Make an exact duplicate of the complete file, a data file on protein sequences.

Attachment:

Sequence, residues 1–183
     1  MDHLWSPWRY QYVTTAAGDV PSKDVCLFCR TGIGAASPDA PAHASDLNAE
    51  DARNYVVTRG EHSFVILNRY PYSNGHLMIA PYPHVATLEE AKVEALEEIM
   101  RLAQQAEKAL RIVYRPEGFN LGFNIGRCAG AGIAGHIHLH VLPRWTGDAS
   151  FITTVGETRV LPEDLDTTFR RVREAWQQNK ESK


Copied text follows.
Sequence, residues 1–183
     1  MDHLWSPWRY QYVTTAAGDV PSKDVCLFCR TGIGAASPDA PAHASDLNAE
    51  DARNYVVTRG EHSFVILNRY PYSNGHLMIA PYPHVATLEE AKVEALEEIM
   101  RLAQQAEKAL RIVYRPEGFN LGFNIGRCAG AGIAGHIHLH VLPRWTGDAS
   151  FITTVGETRV LPEDLDTTFR RVREAWQQNK ESK